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Françoise Dolto and her legacy
Author: Richard Bates

In Psychoanalysis and the family, Richard Bates reveals the striking range and extent of the influence of Françoise Dolto (1908–88) – child psychoanalyst and France’s leading authority on parenting and family dynamics from the 1970s onwards.

Against the backdrop of rapid economic, social and cultural change, Dolto emerged as a new, reassuring, national presence. Seen as a national treasure, her views proved influential on a wide range of issues linked to psychology, parenting, education, gender, sexuality, bioethics and children’s culture and rights. Dolto claimed the mantle of a progressive, innovative expert who swept away outdated concepts – but Bates demonstrates that her ideas in fact had deep roots in right-wing, anti-feminist currents. Dolto used her media platforms and the cultural authority of psychoanalysis to ensure that her psychoanalytic vision affected the whole French nation and was implanted in a variety of institutional settings. Bates shows how her vision had lasting repercussions, in areas ranging from the treatment of autism to the organisation of children’s centres.

In demonstrating Dolto’s importance, this highly original, thoroughly researched book makes an essential contribution to historical understanding of twentieth-century French society. It forces a reassessment of the place of psychoanalysis in French social history, showing that its true significance lay well beyond the academic seminar or the consulting room.

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Psychoanalysis in interwar France
Richard Bates

, ‘Psychoanalysis in France: Preliminary Note on the Historical Survey of the French Psychoanalytic Movement’, Psychoanalytic Review , 17 (1930), 426–8. 38 See Annick Ohayon, ‘Édouard Pichon, psychanalyste français’, in Michel Arrivé, Valelia Muni Toke and Claudine Normand (eds), De la grammaire à l’inconscient: Dans les traces de Damourette et Pichon : actes du colloque de Cerisy-la-Salle du 1er au 11 août 2009 (Limoges: Lambert-Lucas, 2009), pp. 141–8. 39 See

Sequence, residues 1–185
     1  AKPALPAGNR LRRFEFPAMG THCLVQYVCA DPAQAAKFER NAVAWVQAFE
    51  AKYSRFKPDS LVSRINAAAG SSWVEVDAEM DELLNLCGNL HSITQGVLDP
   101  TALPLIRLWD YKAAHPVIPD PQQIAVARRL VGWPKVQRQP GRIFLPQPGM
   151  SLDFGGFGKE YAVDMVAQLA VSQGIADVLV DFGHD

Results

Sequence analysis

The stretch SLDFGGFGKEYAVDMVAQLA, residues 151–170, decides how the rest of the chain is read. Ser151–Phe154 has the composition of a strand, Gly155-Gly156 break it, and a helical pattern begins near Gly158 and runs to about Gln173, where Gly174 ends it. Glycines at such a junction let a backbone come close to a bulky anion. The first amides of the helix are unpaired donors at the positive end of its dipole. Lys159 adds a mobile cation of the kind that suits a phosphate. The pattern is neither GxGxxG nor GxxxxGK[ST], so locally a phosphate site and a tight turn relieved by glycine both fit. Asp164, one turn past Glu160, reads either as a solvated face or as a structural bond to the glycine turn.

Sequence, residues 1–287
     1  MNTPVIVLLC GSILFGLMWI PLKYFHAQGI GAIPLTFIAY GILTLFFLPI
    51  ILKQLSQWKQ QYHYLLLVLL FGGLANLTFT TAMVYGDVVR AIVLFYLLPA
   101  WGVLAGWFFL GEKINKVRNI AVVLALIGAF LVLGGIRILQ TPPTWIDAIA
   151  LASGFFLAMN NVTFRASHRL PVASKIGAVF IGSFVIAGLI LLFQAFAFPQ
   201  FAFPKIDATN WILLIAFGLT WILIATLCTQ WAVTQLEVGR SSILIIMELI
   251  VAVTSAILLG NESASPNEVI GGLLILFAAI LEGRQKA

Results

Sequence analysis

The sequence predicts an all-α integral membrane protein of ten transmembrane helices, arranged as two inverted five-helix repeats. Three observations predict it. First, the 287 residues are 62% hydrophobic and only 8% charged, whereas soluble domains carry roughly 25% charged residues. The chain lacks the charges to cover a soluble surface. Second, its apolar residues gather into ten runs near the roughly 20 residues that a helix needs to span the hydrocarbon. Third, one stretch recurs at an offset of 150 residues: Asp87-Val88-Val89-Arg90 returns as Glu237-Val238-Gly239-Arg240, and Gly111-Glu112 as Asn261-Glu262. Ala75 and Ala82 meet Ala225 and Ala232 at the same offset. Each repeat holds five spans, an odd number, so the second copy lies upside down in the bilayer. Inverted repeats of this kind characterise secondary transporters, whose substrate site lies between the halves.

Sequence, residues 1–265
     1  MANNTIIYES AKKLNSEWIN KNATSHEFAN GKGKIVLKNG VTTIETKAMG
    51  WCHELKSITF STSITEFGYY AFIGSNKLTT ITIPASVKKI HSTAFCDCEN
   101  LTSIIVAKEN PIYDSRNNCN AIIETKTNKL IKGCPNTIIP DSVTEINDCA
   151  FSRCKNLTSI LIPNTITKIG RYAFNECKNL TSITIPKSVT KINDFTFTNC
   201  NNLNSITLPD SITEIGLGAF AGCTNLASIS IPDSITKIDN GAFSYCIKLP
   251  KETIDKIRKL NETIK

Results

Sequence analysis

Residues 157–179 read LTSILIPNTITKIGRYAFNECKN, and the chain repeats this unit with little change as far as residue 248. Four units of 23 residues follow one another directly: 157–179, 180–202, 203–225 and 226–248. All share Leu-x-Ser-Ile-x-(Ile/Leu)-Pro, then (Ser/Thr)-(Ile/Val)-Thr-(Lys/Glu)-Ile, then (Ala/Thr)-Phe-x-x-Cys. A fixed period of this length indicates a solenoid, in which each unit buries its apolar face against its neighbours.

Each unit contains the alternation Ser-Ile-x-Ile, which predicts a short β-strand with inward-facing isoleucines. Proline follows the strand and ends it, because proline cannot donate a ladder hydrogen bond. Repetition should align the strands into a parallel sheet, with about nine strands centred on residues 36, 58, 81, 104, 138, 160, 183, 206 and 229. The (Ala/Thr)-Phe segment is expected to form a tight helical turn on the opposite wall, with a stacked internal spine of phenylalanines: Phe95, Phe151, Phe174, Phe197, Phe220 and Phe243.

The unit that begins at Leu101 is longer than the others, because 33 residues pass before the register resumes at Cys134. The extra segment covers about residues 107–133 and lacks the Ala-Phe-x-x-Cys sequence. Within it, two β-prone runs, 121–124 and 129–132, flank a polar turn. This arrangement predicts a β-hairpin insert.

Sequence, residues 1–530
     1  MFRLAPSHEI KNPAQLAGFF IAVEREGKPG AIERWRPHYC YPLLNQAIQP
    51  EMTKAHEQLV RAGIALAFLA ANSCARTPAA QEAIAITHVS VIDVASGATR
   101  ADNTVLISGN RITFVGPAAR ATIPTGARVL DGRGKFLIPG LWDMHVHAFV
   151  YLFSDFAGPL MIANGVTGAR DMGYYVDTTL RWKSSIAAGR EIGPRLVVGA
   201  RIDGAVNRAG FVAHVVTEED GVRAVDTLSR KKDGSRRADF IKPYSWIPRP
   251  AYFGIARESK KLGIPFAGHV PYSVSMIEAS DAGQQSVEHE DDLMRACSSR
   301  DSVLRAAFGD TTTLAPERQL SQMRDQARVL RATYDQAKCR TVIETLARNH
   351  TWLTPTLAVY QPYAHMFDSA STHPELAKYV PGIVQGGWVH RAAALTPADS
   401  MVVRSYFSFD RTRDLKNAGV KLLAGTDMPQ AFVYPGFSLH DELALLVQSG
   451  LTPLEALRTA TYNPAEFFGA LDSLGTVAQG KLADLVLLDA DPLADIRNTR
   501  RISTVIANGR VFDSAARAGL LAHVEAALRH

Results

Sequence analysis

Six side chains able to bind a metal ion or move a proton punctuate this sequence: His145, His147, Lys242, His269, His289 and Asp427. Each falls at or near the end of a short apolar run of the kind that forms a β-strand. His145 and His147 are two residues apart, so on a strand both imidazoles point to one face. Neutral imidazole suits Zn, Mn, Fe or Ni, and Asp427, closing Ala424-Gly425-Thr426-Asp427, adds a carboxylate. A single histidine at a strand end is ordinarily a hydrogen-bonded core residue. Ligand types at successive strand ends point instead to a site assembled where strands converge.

in Psychoanalysis and the family in twentieth-century France
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Doltomania
Richard Bates

through family life, among the social upheavals of the second half of the twentieth century, have had lasting ramifications. Chapter structure The first half of the book examines the origins of Dolto’s ideas and her early articulations of them. Chapter 1 explores the history of psychoanalysis in France before 1939, situating it with respect to the politics of science and medicine in the later Third Republic, and the politics of the family in relation to interwar natalism. It shows that while the early French

in Psychoanalysis and the family in twentieth-century France
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Dolto in the twenty-first century
Richard Bates

published the first of two sharply critical books, castigating Dolto’s theories as ‘outdated and very often inappropriate, even toxic’. 9 Pleux’s attacks formed part of a broader cultural battle in the 2000s over the scientific validity, and political implications, of psychoanalysis in France. This anti-Freudian wave notably produced the 2005 Livre noir de la psychanalyse ( Black Book of Psychoanalysis ), a collection of texts mainly by cognitive-behavioural therapists, taking aim at the epistemological foundations of

in Psychoanalysis and the family in twentieth-century France
Subjective realism, social disintegration and bodily affection in Lucrecia Martel’s La ciénaga (2001)
Julián Daniel Gutiérrez- Albilla

in France, 1925– 1985 , trans. J. Mehlman ( London : Free Association , 1990 ). Sconce , J. ‘Irony, nihilism, and the new American “smart” film’ , Screen , 43 ( 4 ) ( 2002 ), 349–69 . Smith , P. J. ‘La ciénaga’ , Sight & Sound , 11 ( 2001 ), 45 . Taylor , D. Disappearing Acts: Spectacles of Gender and Nationalism in

in Hispanic and Lusophone women filmmakers
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Scott Wilson

psychoanalysis in France, records that the seminar in which Lacan spoke about the jouissance of the Other, ‘the jouissance of the (under erasure) woman’ as an experience of unknowing, was turned into ‘an act of homage to the Bataille of Madame Edward, to the absolute figure of the hatred and love of God’ (Roudinesco, 1990: 524). Madame Bass spirituality 165 Edwarda is a short story of the narrator’s visit to a Parisian brothel and his revelatory encounter with a prostitute: She was seated, she held one long leg stuck up in the air, to open her crack yet wider she used her

in Great Satan’s rage
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Psychoanalysis in the public sphere, 1968–88
Richard Bates

psychoanalysts on hand to ‘drink in the anxiety of mothers’. This aspect is unique to France, and Dolto and her ideas are at its heart. Dolto as ‘star’ With the twenty-first century waning of the cultural influence of psychoanalysis in France, the ‘structures Dolto’ may stand as the apogee of its transformation into a form of common sense, and its implantation into the everyday lives of many thousands of families. Dolto was able to achieve such large-scale social impacts by aligning psychoanalytic objectives with broader

in Psychoanalysis and the family in twentieth-century France